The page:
It had been nine years since Aleta held a full-time job outside of her home. This professional, wife and mother of two was making great money with her part-time design business, but she didn’t want to increase that to a full-time job (given all the required nights and weekends).
So she revved up and jumped back in the job market. Aleta did what many women only dream of. She rejoined the Oracle Corp. — the company she left almost a decade before — and garnered about $65,000 more than she’d been making when she left.
How did she do it? Aleta credits her relationships. She’s always had a knack, as well as a yearning, for continually building relationships.
Networking is in her nature. She kept in touch with her colleagues at Oracle Corp. not, she explained, “because I thought I’d reenter the workforce” and need those people as stepping stones, but because she needed those people as touchstones. Aleta simply focused and “leaned in” to reestablish her professional life and reprioritize her personal and professional life.
Her returning job to the professional workforce, Aleta acknowledged, was the job she would have been promoted to if she hadn’t opted to stay home with her children. The pay, given inflation, was about on par with what she was making when she left. It was almost as if she had “hit pause” for nine years, and then she pushed the play button.
She’s had many women marvel at her success. In her many LinkedIn communities and groups, Aleta has been asked about her relative ease at career reentry. She has shared advice about how women can “stay sharp” and show their readiness for juggling motherhood and a career.
Others have struggled to achieve Aleta’s success. In her New York Times Magazine article, Judith Warner documented the difficulties women in similar situations faced, citing major technology changes (among other issues) as hurdles for career women who’d “opted out” of the workforce for some time (August 2013).
While Aleta is confident in her technological abilities, it was a relationship that made the difference.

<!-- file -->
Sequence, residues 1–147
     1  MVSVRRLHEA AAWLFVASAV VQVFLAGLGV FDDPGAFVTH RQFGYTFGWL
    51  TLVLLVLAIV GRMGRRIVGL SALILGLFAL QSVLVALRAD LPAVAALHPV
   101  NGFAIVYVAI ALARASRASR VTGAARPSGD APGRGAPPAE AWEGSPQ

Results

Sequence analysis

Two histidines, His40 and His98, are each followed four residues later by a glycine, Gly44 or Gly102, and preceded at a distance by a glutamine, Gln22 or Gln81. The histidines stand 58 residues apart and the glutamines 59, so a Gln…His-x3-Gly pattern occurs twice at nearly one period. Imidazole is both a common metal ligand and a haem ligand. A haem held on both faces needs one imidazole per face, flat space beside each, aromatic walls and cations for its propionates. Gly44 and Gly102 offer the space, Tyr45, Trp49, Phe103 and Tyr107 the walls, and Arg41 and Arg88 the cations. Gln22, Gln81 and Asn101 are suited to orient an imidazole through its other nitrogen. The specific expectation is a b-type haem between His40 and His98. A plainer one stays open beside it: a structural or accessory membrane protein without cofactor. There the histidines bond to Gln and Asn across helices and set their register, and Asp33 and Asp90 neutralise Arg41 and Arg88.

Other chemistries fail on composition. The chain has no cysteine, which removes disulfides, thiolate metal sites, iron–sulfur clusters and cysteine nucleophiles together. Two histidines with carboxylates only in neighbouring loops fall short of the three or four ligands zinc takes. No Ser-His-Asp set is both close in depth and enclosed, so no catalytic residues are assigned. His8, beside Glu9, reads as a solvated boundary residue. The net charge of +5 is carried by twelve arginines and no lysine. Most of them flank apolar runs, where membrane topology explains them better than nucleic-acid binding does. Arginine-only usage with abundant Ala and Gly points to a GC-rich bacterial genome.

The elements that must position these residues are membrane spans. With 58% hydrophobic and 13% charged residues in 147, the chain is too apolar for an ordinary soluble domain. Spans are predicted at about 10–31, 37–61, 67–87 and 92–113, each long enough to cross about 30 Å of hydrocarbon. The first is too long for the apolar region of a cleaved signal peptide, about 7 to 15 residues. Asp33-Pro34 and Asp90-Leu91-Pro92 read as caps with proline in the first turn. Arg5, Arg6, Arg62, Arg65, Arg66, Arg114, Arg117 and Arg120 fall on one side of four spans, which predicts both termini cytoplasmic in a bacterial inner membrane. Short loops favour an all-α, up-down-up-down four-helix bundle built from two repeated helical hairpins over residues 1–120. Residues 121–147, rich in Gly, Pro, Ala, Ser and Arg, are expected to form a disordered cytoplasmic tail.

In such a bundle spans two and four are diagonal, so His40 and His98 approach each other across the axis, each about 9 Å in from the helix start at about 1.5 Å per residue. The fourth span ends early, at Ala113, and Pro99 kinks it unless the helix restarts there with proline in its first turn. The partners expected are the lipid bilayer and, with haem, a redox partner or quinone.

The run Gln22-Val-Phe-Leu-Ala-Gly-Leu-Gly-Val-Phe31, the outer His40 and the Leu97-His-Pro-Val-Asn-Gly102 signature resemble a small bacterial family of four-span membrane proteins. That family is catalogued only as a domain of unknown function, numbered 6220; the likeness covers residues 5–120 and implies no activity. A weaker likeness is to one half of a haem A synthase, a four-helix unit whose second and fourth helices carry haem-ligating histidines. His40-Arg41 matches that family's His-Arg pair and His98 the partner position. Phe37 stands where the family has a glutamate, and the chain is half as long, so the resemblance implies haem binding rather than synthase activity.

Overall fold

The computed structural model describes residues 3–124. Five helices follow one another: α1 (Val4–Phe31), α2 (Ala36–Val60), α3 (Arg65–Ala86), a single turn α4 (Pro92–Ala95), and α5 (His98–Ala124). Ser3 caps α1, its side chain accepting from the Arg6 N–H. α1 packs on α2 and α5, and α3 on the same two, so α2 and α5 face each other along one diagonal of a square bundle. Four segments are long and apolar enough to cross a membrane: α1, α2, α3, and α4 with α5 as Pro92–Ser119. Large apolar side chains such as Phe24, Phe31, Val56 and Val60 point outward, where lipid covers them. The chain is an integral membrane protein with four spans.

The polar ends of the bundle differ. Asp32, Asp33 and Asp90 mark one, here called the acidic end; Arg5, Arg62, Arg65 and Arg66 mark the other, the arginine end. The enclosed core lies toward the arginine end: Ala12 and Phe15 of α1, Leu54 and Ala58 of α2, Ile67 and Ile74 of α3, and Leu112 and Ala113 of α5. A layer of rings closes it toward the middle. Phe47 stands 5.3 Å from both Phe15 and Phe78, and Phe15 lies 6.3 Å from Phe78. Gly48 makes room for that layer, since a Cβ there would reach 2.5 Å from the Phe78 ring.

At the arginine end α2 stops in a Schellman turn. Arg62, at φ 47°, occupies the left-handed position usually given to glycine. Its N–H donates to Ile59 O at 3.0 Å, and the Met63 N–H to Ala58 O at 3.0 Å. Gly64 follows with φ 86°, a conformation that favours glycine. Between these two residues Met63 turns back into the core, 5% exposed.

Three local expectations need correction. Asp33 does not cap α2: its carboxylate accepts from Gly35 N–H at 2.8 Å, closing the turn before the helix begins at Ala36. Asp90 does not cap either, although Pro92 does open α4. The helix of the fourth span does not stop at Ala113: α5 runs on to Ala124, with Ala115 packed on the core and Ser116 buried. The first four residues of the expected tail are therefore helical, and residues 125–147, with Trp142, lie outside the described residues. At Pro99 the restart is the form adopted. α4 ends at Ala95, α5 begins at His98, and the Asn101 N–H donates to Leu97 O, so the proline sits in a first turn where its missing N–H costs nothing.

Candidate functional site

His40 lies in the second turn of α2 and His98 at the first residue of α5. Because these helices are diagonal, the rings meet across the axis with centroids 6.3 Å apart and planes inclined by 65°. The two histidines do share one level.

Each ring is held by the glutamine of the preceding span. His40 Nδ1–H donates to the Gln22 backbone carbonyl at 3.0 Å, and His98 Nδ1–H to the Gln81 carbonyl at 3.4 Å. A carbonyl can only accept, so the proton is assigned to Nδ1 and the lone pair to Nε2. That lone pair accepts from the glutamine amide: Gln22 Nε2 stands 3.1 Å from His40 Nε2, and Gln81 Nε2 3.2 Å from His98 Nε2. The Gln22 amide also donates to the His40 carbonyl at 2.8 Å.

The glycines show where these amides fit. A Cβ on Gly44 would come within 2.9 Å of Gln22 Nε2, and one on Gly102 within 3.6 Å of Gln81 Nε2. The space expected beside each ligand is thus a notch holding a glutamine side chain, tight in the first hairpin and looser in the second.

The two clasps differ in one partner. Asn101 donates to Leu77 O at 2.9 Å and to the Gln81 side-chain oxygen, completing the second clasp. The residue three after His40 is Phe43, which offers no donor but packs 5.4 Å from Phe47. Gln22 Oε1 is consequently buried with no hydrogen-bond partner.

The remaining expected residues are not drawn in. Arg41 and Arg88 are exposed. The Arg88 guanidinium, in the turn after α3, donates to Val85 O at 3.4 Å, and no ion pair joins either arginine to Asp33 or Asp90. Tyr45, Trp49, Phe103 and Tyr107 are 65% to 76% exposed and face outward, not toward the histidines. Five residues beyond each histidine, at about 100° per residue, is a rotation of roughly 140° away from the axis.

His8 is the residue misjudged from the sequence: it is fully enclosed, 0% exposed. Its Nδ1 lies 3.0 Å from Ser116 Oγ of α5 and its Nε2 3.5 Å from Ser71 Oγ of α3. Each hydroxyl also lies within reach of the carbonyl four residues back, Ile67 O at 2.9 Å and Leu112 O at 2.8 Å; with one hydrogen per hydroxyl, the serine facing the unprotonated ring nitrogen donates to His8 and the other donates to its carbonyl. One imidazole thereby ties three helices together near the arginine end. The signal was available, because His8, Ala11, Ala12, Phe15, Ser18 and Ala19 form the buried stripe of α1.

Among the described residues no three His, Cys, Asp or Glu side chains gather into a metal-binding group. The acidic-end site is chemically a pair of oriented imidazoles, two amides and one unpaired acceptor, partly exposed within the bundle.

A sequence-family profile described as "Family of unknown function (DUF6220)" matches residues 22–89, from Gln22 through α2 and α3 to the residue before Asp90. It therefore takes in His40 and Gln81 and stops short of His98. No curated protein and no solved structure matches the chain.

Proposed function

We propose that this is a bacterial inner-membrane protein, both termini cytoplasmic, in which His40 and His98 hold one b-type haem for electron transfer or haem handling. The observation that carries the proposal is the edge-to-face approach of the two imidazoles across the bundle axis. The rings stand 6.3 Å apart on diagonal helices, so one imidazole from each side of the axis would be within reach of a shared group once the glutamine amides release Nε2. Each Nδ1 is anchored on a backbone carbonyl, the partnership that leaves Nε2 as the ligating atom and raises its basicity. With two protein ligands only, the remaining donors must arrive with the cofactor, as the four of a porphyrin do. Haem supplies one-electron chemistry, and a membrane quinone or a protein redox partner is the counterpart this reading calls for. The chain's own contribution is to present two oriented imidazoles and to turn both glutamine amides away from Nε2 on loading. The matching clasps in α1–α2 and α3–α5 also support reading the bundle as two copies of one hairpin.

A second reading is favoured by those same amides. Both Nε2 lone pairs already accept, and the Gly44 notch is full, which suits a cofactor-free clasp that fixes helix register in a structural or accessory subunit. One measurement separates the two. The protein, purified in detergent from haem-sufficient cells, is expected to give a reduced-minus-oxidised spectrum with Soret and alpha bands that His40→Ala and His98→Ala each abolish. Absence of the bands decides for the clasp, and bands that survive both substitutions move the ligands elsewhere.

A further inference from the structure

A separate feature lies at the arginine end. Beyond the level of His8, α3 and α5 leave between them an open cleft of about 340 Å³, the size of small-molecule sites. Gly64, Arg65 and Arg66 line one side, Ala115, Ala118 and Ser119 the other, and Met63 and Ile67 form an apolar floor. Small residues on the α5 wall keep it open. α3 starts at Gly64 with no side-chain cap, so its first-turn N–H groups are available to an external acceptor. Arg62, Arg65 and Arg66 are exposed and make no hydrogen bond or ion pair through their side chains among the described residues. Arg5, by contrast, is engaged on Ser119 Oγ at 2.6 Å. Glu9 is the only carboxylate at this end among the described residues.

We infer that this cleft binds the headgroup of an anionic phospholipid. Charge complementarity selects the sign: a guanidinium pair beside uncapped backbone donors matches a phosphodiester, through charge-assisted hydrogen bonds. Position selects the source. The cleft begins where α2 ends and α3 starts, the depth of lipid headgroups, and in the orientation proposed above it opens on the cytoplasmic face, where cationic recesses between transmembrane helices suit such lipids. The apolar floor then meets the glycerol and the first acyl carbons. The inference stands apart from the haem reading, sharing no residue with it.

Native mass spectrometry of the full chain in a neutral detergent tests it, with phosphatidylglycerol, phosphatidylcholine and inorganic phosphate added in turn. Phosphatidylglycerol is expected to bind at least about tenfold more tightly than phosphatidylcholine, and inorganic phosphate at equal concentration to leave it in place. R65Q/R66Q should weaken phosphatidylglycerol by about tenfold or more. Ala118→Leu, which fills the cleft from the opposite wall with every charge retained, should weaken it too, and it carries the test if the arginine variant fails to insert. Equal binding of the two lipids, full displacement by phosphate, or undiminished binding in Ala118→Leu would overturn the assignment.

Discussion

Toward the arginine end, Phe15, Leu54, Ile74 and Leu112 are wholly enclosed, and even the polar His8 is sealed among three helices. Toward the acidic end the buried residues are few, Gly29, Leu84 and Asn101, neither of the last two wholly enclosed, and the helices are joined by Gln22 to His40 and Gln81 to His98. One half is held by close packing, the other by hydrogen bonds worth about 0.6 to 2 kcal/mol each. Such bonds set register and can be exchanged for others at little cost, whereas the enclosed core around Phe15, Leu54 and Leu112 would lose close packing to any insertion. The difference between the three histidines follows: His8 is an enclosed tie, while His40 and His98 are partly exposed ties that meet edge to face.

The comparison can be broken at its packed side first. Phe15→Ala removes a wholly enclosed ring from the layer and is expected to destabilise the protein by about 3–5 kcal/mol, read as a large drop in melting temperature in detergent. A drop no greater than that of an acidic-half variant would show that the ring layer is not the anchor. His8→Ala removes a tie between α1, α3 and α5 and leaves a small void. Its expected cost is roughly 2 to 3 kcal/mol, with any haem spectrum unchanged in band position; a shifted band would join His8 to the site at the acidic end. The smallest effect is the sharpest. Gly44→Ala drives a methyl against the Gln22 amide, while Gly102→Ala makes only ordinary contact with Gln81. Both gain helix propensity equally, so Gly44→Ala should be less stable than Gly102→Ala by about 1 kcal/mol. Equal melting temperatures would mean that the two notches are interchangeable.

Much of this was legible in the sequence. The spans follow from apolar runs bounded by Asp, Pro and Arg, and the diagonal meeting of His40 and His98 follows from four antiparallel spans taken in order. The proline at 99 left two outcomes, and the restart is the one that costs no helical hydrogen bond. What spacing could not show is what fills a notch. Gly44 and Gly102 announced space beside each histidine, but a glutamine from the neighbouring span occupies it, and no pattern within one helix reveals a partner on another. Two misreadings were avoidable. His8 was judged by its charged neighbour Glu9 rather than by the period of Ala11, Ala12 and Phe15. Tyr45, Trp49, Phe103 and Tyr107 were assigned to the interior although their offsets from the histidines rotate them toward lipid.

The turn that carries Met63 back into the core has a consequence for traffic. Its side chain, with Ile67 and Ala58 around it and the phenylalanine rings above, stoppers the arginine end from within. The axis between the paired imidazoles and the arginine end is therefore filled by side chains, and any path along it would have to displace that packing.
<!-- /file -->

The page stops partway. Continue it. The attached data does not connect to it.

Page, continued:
A former female co-worker stuck her neck out for Aleta, which was “wonderful.” The woman vouched for Aleta’s abilities and readiness to return to the professional work environment.
Now, Aleta returns the favor in her current position at Salesforce, a San Francisco-based company, where she manages a team of 14 addressing public-sector technology needs. She moved to Salesforce (a job for which she was recruited) in part because of the compelling, forward-thinking technology products and the company’s “amazing commitment to women’s success.”
Aleta strives to increase all of her team members’ success…democratically. She mentors both men and women (typically in their mid-20s), with a special eye “to specific challenges that women face” in the workforce. Taking notes and planning meetings or gatherings are all of her team members’ responsibilities, not only the females’.
A women’s advocate, she has found much support at Salesforce. She and her peers “meet frequently” about leadership and other challenges; they make “a special point to … outreach with other women…. We benefit from hearing from women in leadership roles,” she continued. She’s been impressed by hearing about these leaders’ climbs to success. There’s no magic formula, Aleta acknowledged; successful women just have to keep stepping up.
Salesforce CEO Marc Benioff is a proponent for women and the challenges they face. Salesforce “gives back…allowing us to support women’s causes,” Aleta noted. For example, she and other employees get six paid days off a year to spend volunteering. She tends to use hers to support local women’s groups (such as a women’s shelter in Loudoun County, Va.).
She and her female co-workers are inspired by their proactive leader. He’s been a “very positive social change advocate,” even undertaking a massive study in his company to ensure gender pay equality.
She’s empowered by his focus, which provides for personal and company success. “When I see someone that I’ve hired begin to feel successful themselves" and they get promoted, Aleta feels a strong sense of satisfaction. She will continue to step up to be sure the women (and men) around her are empowered to climb the professional ladder one rung at a time.
Gretchen L.H. O’Brien has loved writing since she was in eighth grade. She’s written and published about topics from space technology to health and education. She’s a lover of children of all ages, especially her own three children. She lives in Virginia with her husband, children, and their dog, Sunny.
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